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Sat, Nov 26


Epsilon Spires

BUSTER KEATON COMEDY w/ Pipe Organ Musical Score by Jeff Rapsis

Experience Buster Keaton's timeless comedic genius and miraculous stunts executed with awe-inspiring precision with a live musical score performed by Jeff Rapsis on our historic Estey pipe organ! Our special program for Thanksgiving weekend features the films "The Scarecrow" and "Our Hospitality"

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 BUSTER KEATON COMEDY w/ Pipe Organ Musical Score by Jeff Rapsis
 BUSTER KEATON COMEDY w/ Pipe Organ Musical Score by Jeff Rapsis

Time & Location

Nov 26, 2022, 8:00 PM – 10:00 PM

Epsilon Spires, 190 Main St, Brattleboro, VT 05301, USA

About the event

Our Hospitality (1923) broadened the boundaries of slapstick and proved that Buster Keaton was not just a comedian, he was an artist. Enjoy this fun, short video about Buster Keaton's approach, and his lasting influence on filmmakers:

About The Film:

Although The General (1926) is Buster Keaton’s best-known and admired film, his 1923 feature Our Hospitality is one of his most perfectly constructed works. A period piece, the plot is loosely derived from the real-life feud between the Hatfields and the McCoys (renamed "Canfields" and "McKays"), two large Appalachian clans whose long-enduring conflict is legendary. Set in 1831, Keaton plays Willie McKay, a  young New York City dandy who is summoned to the Old South to claim his family’s estate, only to find that his inheritance is a rundown shack. On top of that he learns that the object of his affection (Keaton’s real-life wife Natalie Talmadge) is the daughter of the man with whom his family has been engaged in a long, violent feud.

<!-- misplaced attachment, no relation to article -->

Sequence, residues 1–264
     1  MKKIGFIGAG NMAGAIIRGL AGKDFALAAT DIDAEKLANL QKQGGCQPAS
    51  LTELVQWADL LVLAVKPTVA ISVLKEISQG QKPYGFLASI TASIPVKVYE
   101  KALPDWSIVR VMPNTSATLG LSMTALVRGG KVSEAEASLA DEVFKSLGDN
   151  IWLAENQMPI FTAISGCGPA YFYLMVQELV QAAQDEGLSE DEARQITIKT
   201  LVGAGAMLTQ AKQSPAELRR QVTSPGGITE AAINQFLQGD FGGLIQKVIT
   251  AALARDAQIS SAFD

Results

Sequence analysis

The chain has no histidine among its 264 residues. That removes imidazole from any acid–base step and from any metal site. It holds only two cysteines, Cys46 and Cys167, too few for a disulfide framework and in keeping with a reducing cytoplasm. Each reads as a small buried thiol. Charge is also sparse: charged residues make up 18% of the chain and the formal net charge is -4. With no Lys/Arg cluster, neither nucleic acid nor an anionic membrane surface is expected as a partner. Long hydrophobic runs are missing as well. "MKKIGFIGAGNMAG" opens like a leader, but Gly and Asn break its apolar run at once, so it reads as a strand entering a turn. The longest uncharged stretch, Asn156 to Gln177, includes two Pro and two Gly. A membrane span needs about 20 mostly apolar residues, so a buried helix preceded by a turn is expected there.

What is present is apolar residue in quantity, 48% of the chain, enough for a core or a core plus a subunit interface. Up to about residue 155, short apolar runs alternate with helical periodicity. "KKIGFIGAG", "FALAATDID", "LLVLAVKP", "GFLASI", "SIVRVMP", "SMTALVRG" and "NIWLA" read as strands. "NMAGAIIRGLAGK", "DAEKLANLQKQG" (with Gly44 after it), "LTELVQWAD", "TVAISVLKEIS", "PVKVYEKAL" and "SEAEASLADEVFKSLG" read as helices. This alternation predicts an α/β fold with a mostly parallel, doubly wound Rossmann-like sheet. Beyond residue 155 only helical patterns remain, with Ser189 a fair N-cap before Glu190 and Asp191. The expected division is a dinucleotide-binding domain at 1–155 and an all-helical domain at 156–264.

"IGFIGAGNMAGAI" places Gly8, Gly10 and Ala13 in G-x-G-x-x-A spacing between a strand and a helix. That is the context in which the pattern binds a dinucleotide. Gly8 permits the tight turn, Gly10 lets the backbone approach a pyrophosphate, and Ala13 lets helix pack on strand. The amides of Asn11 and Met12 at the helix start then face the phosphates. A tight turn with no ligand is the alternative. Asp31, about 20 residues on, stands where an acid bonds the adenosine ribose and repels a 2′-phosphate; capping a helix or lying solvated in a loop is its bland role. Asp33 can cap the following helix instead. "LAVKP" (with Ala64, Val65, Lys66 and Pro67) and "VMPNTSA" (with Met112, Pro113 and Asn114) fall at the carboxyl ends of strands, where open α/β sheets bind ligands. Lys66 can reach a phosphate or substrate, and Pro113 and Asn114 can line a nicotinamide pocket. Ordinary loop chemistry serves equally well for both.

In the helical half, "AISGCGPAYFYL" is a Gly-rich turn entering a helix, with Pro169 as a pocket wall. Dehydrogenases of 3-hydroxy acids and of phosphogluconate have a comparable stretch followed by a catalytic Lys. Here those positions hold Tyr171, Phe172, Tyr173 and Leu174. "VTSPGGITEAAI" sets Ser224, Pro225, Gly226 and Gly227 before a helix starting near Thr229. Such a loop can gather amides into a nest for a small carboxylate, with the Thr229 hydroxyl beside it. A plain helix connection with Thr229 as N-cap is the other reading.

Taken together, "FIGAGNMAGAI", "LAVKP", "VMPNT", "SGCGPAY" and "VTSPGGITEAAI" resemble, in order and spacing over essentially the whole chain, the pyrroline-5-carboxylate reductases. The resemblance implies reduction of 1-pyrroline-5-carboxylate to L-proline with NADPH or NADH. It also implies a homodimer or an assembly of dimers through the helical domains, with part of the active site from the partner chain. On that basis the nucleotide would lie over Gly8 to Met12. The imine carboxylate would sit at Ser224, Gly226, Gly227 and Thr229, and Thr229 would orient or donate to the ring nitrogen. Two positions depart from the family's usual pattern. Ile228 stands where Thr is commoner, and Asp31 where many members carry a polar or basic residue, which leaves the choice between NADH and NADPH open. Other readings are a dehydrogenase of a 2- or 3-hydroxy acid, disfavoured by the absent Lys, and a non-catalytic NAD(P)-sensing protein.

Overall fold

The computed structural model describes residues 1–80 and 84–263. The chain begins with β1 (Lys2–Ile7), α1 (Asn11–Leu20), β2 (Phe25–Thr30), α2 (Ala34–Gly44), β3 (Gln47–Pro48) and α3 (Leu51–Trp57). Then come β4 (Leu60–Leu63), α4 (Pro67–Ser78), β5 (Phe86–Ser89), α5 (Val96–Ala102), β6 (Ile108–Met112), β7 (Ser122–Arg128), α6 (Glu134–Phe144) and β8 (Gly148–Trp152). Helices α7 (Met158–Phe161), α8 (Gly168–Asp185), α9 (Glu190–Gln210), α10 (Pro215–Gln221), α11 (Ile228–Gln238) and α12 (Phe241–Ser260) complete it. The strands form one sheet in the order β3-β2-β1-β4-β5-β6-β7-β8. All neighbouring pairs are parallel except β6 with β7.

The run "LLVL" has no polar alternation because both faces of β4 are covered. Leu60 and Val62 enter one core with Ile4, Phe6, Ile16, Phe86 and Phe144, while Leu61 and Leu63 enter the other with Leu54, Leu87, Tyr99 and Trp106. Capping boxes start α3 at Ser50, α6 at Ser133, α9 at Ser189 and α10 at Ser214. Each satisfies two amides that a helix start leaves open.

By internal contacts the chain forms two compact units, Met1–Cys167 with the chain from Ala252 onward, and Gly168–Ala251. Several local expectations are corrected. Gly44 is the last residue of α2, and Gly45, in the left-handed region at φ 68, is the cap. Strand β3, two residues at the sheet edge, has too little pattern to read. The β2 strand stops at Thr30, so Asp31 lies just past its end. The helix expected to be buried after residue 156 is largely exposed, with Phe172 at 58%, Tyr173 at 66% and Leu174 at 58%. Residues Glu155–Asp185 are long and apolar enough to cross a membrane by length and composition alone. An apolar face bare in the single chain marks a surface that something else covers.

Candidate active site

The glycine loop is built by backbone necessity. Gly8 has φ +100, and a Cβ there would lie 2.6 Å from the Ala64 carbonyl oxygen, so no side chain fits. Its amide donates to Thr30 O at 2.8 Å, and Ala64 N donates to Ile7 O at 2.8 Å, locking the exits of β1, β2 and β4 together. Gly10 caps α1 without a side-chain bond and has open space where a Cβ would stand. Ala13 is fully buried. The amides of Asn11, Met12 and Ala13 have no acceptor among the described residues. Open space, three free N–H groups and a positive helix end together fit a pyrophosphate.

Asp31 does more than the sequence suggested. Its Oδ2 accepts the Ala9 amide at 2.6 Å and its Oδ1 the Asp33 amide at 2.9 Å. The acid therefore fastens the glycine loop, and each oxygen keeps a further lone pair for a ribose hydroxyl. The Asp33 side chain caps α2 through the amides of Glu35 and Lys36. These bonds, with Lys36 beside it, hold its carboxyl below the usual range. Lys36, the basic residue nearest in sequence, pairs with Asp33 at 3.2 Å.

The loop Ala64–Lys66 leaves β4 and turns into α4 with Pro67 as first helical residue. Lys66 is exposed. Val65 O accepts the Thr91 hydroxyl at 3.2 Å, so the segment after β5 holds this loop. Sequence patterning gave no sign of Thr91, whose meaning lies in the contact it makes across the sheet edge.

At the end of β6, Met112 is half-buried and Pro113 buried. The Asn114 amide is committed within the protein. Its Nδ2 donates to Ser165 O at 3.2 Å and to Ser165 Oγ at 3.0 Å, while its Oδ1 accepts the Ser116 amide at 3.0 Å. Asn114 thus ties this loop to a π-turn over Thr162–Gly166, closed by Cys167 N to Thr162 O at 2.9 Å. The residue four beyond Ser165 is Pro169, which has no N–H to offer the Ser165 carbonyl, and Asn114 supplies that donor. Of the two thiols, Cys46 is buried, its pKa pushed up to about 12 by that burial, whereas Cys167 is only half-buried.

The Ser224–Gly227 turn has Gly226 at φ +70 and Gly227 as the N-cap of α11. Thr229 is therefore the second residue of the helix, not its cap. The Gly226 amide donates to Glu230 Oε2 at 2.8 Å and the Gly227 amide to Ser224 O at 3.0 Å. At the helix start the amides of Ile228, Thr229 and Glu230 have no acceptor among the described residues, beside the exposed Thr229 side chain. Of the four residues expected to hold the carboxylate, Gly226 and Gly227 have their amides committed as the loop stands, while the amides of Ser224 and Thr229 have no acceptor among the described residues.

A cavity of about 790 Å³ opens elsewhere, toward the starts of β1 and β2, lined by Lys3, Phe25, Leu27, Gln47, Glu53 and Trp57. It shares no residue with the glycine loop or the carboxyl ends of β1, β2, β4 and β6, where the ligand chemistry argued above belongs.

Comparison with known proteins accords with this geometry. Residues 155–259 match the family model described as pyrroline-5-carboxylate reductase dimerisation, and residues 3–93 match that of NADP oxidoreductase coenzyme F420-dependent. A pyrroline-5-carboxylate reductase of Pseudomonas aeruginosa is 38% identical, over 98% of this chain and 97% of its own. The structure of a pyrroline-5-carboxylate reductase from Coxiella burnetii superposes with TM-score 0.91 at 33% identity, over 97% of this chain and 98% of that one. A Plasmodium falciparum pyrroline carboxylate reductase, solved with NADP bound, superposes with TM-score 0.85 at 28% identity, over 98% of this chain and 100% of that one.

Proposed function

Willie McKay’s struggles are punctuated by brilliant slapstick setpieces that involve an exploding dam, raging waterfalls, and a primitive steam engine. In one of the most breathtaking moments of Our Hospitality, Willie is being chased by the Canfields and falls into a raging river. His sweetheart sets out to help, and she too falls in, so McKay has to help save her. The scene, shot on the Truckee River, nearly killed Keaton. He was splashing in the river with a hold-back wire tied around him. At one point, the wire broke, and Keaton took off like a shot down the rapids. Several men working on the film ran after him along the riverbank but were unable to help. In despairation, Buster grabbed onto a tree branch to avoid crashing into the oncoming rocks, but not before an entire school of little water snakes swarmed around him. What must have seemed to Keaton like hundreds of baby eels were flicking their tongues at him, and he did not know whether they were poisonous. All he could think of was finding something to hold onto before he was smashed to pieces. Of course, Keaton kept all of the sequence in the finished film in what is perhaps its most thrilling scene with it's infusion of real danger, and is one of Buster’s lasting marvels, a demonstration of his physical dexterity and skill, as well as his creative genius.